Impact of social and technological distraction on pedestrian crossing behaviour: an observational study
- 1Harborview Injury Prevention & Research Center, University of Washington, Seattle, Washington, USA
- 2Department of Pediatrics, University of Washington, Seattle, Washington, USA
- 3Seattle Children's Hospital and Seattle Children's Research Institute, Seattle, Washington, USA
- Correspondence to Dr Beth E Ebel, Harborview Injury Prevention & Research Center, University of Washington, 325 Ninth Ave, Box 359960, Seattle, Washington 98104-2499, USA;
- Accepted 2 November 2012
- Published Online First 13 December 2012
Objectives The objective of the present work was to study the impact of technological and social distraction on cautionary behaviours and crossing times in pedestrians.
Methods Pedestrians were observed at 20 high-risk intersections during 1 of 3 randomly assigned time windows in 2012. Observers recorded demographic and behavioural information, including use of a mobile device (talking on the phone, text messaging, or listening to music). We examined the association between distraction and crossing behaviours, adjusting for age and gender. All multivariate analyses were conducted with random effect logistic regression (binary outcomes) and random effect linear regression (continuous outcomes), accounting for clustering by site.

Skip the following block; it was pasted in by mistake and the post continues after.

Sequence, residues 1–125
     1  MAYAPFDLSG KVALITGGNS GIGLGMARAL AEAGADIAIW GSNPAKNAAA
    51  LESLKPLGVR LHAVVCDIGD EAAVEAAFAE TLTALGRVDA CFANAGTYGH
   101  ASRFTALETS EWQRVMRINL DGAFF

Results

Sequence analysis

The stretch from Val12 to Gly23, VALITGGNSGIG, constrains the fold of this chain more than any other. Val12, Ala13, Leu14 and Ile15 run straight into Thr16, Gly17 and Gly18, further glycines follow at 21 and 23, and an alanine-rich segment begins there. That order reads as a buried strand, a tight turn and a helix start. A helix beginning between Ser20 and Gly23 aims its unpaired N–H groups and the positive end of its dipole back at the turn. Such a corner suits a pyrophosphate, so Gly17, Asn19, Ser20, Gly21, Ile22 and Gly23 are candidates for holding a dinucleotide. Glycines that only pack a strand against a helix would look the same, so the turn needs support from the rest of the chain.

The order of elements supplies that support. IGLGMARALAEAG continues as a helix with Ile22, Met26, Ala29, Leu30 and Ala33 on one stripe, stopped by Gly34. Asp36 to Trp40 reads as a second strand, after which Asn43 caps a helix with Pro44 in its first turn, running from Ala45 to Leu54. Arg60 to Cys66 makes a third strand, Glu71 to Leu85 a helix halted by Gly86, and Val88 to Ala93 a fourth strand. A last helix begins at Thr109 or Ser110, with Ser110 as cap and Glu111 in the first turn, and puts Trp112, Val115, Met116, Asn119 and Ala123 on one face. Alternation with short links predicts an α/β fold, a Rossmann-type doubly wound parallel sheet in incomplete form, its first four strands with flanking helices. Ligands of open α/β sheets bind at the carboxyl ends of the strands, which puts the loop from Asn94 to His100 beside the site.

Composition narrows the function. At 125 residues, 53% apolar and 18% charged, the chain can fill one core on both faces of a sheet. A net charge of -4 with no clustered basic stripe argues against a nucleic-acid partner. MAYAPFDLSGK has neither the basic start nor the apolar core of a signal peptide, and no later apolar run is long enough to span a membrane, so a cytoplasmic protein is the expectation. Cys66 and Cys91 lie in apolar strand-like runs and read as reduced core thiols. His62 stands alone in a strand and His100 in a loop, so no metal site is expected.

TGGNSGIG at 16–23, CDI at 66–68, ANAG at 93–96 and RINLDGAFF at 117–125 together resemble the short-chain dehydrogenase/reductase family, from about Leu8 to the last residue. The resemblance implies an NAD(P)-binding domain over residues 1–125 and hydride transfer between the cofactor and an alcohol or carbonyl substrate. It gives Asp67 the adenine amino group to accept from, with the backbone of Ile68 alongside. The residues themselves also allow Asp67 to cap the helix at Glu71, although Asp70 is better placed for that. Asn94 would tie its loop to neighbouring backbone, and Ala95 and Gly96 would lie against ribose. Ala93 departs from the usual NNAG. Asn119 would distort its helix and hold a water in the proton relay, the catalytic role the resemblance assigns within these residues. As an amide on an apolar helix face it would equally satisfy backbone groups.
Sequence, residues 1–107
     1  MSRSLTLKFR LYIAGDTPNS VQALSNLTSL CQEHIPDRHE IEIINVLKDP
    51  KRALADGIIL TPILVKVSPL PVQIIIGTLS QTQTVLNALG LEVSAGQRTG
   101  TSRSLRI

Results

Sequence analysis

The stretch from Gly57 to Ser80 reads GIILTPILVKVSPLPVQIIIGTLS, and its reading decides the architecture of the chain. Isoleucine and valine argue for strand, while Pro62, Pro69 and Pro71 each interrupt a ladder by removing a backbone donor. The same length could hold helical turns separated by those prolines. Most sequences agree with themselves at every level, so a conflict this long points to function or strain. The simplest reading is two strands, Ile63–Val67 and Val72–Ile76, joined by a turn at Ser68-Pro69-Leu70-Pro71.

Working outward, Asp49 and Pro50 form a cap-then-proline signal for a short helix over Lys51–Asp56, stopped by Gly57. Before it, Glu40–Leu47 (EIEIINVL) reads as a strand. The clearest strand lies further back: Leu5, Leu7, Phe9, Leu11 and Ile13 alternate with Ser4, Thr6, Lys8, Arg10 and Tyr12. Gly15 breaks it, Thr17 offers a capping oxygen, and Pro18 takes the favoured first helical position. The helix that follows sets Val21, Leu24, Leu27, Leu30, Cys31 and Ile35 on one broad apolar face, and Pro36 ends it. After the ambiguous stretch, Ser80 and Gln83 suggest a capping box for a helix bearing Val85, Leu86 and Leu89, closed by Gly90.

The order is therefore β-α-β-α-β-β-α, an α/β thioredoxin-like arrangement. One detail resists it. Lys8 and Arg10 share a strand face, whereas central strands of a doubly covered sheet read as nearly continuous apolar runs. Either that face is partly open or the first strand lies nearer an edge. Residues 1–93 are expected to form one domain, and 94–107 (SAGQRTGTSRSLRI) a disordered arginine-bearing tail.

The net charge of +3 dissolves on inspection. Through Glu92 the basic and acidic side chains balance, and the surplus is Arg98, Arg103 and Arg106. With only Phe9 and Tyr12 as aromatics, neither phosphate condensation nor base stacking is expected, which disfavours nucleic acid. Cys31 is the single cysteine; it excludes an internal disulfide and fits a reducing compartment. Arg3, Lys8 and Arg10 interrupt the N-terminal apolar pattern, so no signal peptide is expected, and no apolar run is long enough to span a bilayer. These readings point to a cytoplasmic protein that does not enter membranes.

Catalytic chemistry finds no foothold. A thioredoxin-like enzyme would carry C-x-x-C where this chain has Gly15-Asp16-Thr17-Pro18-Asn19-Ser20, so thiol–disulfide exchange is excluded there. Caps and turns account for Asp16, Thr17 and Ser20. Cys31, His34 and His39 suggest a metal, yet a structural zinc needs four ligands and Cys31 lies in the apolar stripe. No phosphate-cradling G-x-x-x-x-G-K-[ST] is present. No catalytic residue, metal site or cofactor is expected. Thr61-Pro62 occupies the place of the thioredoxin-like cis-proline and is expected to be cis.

Results Observers recorded crossing behaviours for 1102 pedestrians. Nearly one-third (29.8%) of all pedestrians performed a distracting activity while crossing. Distractions included listening to music (11.2%), text messaging (7.3%) and using a handheld phone (6.2%). Text messaging, mobile phone use and talking with a companion increased crossing time. Texting pedestrians took 1.87 additional seconds (18.0%) to cross the average intersection (3.4 lanes), compared to undistracted pedestrians. Texting pedestrians were 3.9 times more likely than undistracted pedestrians to display at least 1 unsafe crossing behaviour (disobeying the lights, crossing mid-intersection, or failing to look both ways). Pedestrians listening to music walked more than half a second (0.54) faster across the average intersection than undistracted pedestrians.
Conclusions Distracting activity is common among pedestrians, even while crossing intersections. Technological and social distractions increase crossing times, with text messaging associated with the highest risk. Our findings suggest the need for intervention studies to reduce risk of pedestrian injury.